Galatians 6:7-8

I used to be confused by this.  As Christians, I thought that accepting Jesus meant that He would save us from the consequences of our choices.  He would come in with his big eraser and take care of everything that I screwed up in my life.  I'm learning that is not entirely true.  While He paid the penalty for our sin in order to restore our relationship with God, and He offers TOTAL forgiveness, there are still consequences to our choices that we may have to live with on earth.  It isn't God's will, but in the areas that we don't surrender to Him, He does not always spare us from our choices.  From ourselves. 


Nowhere has this principle been shown to me so clearly as it has in the past few months.  The choices related to our physical health, I can understand.  How we take care of our bodies and invest in our health when we are young has a direct effect on our quality of life as we age.  Now there's a wake up call for me!  Hello!!  But as a social worker I am more focused on the mental, spiritual and emotional quality of peoples lives, and God is showing me that this principle very much applies to those areas  as well.  Everyday I see people living out the final years of their lives, reaping what they have sown...before their health, their independence and sometimes their minds have been stolen from them, or have simply slipped away.  While it's not true for everyone, far too many are overcome with loneliness.  Emptiness.  Hopelessness.    People who have lived their whole lives for themselves, pursuing their dreams, working hard, raising their families, placing their value and worth on the things they were able to do and accomplish and attain.  Now, as one by one those things have been stripped away from them, even in some cases their very dignity as they depend on others to do even the simplest of things for them, what are they left with? 

Without Christ, it's very simple.  They are left with nothing

Nothing to live for.  Nothing to pursue.  Nothing to value.  Nothing to hope for.  So they sit the days away and implode. Hopelessness is like a blanket that is draped over their souls and they have stopped trying.  Stopped living long before their lives are truly over.   It is nothing short of heartbreaking to me.

Friday, November 15, 2013

On getting older...part 1

It has been three months since I started my new job as a nursing home social worker.  It's something I've wanted to do on & off for years, ever since my sister fulfilled that role at the small town nursing home she worked at years ago.  Now here I am, 20+ years into my career and it was time for a change.  I've had a few changes, so this wasn't the first, but it is definitely one of the most significant.  My first social worky job out of college was working with adults with developmental disabilities and I was in that field for 15 years.  I loved it, but after that amount of time I was ready for a change.  My next venture for the following 5 years was working with children with autism.  Loved that as well.  It was HARD work tho, very physical and I finally decided when I began having trouble with my knees that maybe I was getting too old to be sitting on toddler chairs and running (yes running) around after kids all day.  Last year I took a position at the middle school as a para...not exactly my field but I did it for a couple of reasons.  I wanted the opportunity to work with adolescents, wanted to be in Winona (I had been commuting to Rochester for 2 years) and I wanted to have the same schedule as our kids.   It was a great experience!  One I intended to continue (I was secretly hoping it would give me an "in" in the school district which may lead to a school social work position at some point).  But when this opportunity arose last summer I definitely felt called to accept.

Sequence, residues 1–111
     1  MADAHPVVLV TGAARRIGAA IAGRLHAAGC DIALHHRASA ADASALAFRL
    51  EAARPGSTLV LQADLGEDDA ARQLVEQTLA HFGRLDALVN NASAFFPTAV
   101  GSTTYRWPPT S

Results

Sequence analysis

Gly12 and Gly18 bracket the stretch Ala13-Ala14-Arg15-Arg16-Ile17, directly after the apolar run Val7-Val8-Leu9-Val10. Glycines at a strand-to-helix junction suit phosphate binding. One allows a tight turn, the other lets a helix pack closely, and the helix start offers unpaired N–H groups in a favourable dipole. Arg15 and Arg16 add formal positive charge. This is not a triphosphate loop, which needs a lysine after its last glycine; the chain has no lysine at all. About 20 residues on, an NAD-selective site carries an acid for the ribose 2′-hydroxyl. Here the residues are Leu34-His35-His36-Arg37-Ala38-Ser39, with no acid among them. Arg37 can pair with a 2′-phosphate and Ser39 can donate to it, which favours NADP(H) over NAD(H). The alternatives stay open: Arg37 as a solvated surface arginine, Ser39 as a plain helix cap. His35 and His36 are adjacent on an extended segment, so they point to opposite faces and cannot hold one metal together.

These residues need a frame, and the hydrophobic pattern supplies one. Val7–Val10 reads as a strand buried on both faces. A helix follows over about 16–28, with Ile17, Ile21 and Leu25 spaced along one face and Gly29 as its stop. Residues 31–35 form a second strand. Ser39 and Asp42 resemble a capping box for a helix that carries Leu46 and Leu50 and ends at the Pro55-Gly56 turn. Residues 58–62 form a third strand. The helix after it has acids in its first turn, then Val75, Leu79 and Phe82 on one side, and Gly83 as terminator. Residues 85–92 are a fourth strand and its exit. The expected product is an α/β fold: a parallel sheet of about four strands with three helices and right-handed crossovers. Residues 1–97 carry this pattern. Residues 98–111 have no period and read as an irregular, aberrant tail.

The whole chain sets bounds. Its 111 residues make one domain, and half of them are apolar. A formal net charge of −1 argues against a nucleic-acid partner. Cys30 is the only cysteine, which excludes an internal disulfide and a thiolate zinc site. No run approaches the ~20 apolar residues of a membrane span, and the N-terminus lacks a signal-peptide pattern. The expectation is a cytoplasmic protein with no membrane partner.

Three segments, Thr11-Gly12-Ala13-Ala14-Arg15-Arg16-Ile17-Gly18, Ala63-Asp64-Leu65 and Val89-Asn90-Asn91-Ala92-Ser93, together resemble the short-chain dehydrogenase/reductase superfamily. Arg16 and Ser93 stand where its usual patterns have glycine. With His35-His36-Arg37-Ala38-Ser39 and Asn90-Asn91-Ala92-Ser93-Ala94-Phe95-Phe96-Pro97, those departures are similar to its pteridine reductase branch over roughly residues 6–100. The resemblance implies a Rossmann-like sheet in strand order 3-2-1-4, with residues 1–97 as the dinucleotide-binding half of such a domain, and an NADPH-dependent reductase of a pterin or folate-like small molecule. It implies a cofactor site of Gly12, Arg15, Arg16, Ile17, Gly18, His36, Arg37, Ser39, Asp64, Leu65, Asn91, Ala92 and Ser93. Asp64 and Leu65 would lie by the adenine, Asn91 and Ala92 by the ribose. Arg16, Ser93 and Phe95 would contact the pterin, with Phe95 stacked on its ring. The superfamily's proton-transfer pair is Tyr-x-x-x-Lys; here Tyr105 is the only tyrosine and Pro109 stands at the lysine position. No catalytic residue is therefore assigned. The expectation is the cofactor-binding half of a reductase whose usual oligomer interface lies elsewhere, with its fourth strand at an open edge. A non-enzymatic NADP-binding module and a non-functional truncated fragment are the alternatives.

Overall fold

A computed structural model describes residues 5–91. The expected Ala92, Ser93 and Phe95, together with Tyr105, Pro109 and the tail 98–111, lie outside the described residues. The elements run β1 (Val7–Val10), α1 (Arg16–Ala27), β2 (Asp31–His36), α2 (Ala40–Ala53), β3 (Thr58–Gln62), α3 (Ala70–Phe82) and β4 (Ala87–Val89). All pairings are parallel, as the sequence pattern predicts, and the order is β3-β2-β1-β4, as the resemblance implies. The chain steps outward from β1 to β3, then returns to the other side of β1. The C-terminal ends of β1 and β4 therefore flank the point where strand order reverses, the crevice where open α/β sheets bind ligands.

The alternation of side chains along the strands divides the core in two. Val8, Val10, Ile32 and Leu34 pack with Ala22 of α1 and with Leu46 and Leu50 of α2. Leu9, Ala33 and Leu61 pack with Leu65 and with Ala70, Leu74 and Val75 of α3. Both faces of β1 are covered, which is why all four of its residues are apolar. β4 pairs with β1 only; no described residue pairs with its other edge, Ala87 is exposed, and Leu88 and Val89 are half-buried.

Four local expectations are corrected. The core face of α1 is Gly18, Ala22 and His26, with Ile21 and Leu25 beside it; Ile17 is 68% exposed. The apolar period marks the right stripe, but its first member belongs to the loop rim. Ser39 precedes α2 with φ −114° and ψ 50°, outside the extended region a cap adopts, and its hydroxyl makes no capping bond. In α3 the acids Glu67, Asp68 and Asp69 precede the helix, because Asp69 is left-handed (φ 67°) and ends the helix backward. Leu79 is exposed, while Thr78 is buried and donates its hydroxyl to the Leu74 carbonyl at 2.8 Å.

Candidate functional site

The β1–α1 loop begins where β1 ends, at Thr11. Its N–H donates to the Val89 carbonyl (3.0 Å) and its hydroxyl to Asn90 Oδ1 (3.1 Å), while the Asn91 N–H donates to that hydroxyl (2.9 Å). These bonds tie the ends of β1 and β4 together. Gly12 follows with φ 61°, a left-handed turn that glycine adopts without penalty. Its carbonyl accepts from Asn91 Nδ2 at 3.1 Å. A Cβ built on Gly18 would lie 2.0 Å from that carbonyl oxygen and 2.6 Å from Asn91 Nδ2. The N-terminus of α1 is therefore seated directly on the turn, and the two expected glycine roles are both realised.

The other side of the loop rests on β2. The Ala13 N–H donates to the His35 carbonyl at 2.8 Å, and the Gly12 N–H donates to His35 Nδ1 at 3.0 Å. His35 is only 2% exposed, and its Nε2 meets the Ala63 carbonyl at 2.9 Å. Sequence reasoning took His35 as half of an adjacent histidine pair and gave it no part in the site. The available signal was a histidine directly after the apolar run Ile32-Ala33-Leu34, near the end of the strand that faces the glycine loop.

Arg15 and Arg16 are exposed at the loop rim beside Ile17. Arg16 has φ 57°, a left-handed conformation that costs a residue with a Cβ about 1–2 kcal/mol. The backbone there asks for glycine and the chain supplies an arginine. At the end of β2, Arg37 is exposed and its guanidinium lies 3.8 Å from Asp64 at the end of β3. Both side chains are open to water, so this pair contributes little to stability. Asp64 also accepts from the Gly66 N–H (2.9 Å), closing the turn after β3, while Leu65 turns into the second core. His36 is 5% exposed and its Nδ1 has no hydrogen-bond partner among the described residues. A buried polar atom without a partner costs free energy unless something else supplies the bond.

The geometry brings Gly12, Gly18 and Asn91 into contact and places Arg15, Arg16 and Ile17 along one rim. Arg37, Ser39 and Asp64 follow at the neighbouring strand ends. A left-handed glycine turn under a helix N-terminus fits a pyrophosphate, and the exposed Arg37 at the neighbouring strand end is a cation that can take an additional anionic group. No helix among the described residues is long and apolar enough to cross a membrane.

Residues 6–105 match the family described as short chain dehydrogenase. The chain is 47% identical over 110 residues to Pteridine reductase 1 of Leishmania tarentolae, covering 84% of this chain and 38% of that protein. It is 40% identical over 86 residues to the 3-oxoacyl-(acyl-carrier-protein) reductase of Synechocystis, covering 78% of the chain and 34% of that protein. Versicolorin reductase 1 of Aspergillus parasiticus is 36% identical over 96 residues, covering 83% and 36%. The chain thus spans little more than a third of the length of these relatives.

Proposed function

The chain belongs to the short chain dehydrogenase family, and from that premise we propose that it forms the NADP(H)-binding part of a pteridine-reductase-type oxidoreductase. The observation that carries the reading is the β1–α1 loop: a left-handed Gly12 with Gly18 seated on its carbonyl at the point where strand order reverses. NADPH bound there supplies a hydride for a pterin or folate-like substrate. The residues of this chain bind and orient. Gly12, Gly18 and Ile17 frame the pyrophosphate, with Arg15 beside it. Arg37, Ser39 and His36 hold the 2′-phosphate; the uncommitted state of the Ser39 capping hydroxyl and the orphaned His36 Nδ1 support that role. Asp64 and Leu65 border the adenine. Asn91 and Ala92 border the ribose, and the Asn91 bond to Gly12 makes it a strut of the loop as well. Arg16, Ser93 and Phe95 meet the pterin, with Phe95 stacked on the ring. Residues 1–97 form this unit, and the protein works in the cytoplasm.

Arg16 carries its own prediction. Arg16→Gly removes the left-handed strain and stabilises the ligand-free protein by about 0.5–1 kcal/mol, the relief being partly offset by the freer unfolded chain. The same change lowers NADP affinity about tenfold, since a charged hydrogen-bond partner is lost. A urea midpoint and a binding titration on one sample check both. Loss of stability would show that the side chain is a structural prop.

So here I first experience in the medical field and it's very different.  It's like they are speaking a different language, those nurses.  My first several weeks there I would sit through meetings and take notes, not having a clue what the heck they were talking about a majority of the time until I started asking more questions and figuring out all the medical lingo (I bet you don't know what EA of 1 means, or SOB or mechanical soft).  Google comes in really handy for things like that!  I won't lie, it was pretty overwhelming at first.  But now that I'm a few months into this I feel like I can take a deep breath and say "ok, I am beginning to get this now".  

I look at this, and every job I've had, as a ministry.  This is where God has placed me to make a difference.  In the lives of these people.  Right now.  I have prayed a lot about my role there and wanting to have an impact.  I am so thankful that I work for a place that values spirituality and embraces it even.  It is not unusual or questioned if anyone wants to pray with someone or talk about things of faith.  I realize what a blessing that is as a Christian, because so many places that is not accepted or even allowed.